Plotting high-dimensional decision boundaries

made-with-python MIT license stability-experimental Code style: black

An experimental, scikit-learn compatible approach to plot high-dimensional decision boundaries. This facilitates intuitive understanding, and helps improve models by allowing the visual inspection of misclassified regions, model complexity, and the amount of overfitting/underfitting (augmenting more reliable but less intuitive tools such as training/test error curves and ROC curves); as well as of individual data points and their contribution to the decision surface. Finally, it shows which regions are likely to be misclassified, which are uncertain, and (in applications were active querying is possible) the proximity of which instances should be queried.

The usual approach of classifying each vertex of a 2D grid to visualize decision boundaries (see e.g. the Iris SVM example) in two dimensions breaks down when the dimensionality is higher. Although it would in principle be possible to construct a high-dimensional grid and project it down to 2D, this is intractable in practice, since the number of grid vertices to be classified grows exponentially with the number of dimensions.

Instead, the present method samples from regions in which the given classifier is maximally uncertain (close to 0.5 prediction probability), which are near the decision surface by definition. Subsequently, it projects the decision surface samples (keypoints) into 2D for visualization, and generates and classifies some test points around the estimated decision boundary for validation (see Usage section below).

Example use case: visualizing the effect of regularization parameters. Left: weakly regularized logistic regression (C=1e-9). Higher decision boundary complexity (noisy positions of cyan keypoints), more testing error (red markers). Right: regularized logistic regression (C=10). Lower complexity, no testing error. Data: sklearn toy digits (64 dimensions). Digits data - decision boundary comparison (Green and blue markers: data points, round markers: training data, square markers: testing data; red highlights: misclassified data points; cyan pentagons: decision boundary keypoints [at which the classifier predicts 0.5 probability])

Example use case: visualizing overfitting and underfitting. Left: k-nearest neighbor with k=2 neighbors. Overfits: data points misclassified (highlighted in red) due to useless 'squiggles'. Right: over-regularized support vector machine (C=1, gamma=0.07). Misses the data point on the left (marked in red) due to underfitting. Data: UCI wine dataset (13 dimensions). Wine data - decision boundary comparison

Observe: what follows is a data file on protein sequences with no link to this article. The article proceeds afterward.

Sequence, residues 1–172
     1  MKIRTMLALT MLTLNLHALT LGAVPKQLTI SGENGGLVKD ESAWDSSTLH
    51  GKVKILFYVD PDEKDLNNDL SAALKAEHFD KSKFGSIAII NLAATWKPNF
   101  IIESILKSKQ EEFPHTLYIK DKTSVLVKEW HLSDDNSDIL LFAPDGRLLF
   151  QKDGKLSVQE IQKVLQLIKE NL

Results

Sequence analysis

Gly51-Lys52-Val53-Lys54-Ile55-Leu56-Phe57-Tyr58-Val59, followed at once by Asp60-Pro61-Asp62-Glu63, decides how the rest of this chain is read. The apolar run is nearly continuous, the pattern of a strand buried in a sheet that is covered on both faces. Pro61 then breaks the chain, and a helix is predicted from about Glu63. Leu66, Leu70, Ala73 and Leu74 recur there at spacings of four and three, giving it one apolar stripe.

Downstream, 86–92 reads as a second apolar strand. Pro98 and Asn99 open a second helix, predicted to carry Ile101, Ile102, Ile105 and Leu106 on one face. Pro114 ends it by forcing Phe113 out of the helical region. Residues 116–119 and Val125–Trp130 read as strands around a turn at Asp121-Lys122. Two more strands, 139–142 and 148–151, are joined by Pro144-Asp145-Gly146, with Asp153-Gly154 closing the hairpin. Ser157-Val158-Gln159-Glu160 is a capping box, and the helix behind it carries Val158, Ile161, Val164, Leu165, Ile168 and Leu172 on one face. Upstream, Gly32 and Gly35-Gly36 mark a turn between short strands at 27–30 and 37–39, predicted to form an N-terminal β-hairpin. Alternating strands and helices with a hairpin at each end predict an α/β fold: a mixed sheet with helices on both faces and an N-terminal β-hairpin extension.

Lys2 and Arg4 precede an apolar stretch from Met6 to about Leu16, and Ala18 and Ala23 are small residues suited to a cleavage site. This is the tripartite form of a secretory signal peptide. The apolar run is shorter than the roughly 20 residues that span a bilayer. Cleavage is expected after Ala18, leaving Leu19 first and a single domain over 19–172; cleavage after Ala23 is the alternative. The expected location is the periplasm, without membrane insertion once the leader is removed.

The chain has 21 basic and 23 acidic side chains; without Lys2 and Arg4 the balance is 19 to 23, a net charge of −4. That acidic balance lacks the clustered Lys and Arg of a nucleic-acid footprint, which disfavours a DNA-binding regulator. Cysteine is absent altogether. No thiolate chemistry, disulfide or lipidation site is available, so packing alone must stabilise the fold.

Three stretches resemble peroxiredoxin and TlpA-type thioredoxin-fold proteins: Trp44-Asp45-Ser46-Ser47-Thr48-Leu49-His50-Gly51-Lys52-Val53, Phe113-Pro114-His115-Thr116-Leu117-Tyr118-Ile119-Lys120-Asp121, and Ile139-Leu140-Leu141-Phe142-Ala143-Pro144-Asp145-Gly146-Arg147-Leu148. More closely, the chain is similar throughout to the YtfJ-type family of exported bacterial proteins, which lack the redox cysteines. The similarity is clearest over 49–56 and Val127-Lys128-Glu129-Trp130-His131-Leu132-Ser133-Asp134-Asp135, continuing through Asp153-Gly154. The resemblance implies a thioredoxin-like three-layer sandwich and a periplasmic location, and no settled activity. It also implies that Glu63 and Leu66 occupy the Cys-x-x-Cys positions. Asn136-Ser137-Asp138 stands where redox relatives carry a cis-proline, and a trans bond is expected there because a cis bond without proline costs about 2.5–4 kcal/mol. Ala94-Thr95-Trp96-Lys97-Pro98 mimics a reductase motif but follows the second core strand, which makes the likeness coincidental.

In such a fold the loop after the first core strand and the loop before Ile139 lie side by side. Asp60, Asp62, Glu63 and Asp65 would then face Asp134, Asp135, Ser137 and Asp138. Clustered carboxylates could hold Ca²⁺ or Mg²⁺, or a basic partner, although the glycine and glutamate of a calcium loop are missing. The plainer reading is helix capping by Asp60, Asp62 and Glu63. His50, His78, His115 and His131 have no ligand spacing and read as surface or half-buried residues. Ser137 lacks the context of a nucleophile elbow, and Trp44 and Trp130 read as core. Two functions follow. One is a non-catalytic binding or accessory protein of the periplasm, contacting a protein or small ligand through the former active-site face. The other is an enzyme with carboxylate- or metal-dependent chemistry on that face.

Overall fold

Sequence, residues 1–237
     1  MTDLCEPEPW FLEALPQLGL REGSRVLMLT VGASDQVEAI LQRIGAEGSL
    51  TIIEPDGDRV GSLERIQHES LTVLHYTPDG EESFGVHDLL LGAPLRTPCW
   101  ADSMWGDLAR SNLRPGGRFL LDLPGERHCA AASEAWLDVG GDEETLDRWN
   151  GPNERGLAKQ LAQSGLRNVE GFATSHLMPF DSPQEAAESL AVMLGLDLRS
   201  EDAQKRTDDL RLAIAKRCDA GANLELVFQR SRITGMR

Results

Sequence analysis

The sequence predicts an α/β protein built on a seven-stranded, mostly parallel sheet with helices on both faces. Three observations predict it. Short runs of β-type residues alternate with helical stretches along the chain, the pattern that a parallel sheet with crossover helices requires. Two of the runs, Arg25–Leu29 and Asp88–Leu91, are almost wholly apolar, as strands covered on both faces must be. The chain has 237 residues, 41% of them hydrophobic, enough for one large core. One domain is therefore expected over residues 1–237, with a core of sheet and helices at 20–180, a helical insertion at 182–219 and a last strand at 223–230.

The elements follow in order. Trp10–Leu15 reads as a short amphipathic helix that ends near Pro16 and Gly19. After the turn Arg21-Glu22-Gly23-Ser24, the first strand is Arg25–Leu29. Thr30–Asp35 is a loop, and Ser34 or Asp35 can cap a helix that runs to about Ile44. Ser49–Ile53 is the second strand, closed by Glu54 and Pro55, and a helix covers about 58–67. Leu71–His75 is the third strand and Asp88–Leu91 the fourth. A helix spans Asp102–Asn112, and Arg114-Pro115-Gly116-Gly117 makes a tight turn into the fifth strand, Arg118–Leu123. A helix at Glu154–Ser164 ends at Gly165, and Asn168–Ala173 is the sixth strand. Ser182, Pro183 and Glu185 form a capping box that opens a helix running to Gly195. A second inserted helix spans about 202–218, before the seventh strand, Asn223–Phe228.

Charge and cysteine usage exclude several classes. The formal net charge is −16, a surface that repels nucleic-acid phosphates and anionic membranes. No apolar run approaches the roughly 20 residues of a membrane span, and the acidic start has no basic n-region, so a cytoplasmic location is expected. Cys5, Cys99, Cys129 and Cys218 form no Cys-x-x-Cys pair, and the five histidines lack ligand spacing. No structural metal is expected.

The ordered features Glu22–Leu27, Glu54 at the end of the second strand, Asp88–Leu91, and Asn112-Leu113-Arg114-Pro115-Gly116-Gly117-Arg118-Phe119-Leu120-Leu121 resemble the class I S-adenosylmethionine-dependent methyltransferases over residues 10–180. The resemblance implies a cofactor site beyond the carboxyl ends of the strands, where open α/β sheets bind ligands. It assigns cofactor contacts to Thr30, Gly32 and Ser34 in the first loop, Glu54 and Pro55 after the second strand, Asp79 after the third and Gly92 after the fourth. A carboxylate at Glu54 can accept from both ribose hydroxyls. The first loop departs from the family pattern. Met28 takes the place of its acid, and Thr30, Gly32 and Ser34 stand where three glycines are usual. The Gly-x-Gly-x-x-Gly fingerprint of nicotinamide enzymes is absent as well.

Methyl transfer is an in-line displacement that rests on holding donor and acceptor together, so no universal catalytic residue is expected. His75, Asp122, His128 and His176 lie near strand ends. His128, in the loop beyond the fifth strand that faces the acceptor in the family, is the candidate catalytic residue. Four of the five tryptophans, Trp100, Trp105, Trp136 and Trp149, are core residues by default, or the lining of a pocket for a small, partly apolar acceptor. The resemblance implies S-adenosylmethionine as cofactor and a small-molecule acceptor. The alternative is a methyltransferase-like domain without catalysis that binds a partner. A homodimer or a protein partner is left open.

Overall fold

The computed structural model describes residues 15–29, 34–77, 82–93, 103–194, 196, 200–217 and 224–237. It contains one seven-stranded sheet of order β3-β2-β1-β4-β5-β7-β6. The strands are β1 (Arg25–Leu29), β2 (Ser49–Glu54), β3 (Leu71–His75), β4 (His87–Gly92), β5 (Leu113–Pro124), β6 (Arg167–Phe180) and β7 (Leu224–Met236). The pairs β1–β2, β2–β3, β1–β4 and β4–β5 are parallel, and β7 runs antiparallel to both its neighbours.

Usage

The project requires scikit-learn, matplotlib and NLopt to run.

Usage example:

digits = load_digits(n_class = 2) # data
model = KNeighborsClassifier(n_neighbors=10) # classifier able to produce probabilities

db = DBPlot(model, PCA(n_components=2))
db.fit(digits.data, digits.target)
db.plot().show() # use db.plot(generate_testpoints=False).show() to speed up plotting by skipping testpoint generation
# decision_boundary_points_2d, testpoints_2d, y_testpoints, background = db.generate_plot() # for custom plotting and analysis

Functionality & Reliability

Note: this is an early stage research project, and work in progress (it is by no means efficient or well tested)!

The core idea is using black-box optimization to find keypoints on the decision hypersurface (those points in high-dimensional space for which prediction probability is very close to 0.5) which lie between the two classes in the 2D plot, and projecting them to 2D to estimate the location of the decision boundary. Four steps of plotting a high-dimensional decision boundary

The DBPlot object takes a classifier (the decision surface of which is to be estimated) and, optionally, a dimensionality reduction method (which defaults to PCA) as inputs. Most classifiers exposing predict_proba and predict methods should work, as long as it is possible for them to reach close to 0.5 prediction probability (note that this is not the case for e.g. 1-NN or a random forests with 3 trees! In these cases, the optimization will not converge).

In terms of dimensionality reduction methods, the current version supports all matrix decomposition variants (including PCA, Kernel PCA, NMF etc.), as well as Isomap embeddings for non-linear dimensionality reduction preserving global topology, and any other method that has an implemented and exposed transform(X) function. This can include supervised dimensionality reduction, such as LDA (with solver='eigen'), which projects to the most discriminative axes.

Choosing a dimensionality reduction method resulting in acceptabe class separation is crucial for achieving interpretable results.

When inspecting graphs and improving your classifier, you can trust

Everything else is a rough estimate intended for facilitating intuition, rather than precision; and needs to be traded off against runtime (set generate_testpoints=False, or decrease n_decision_boundary_keypoints, to decrease runtime).

All plotted information is subject to the limitations inherent in forcing high-dimensional data into a low-dimensional plot.

Installation

Clone the repo, navigate to the repo directory and run the follwing two commands:

pip install -r requirements
conda install -c conda-forge nlopt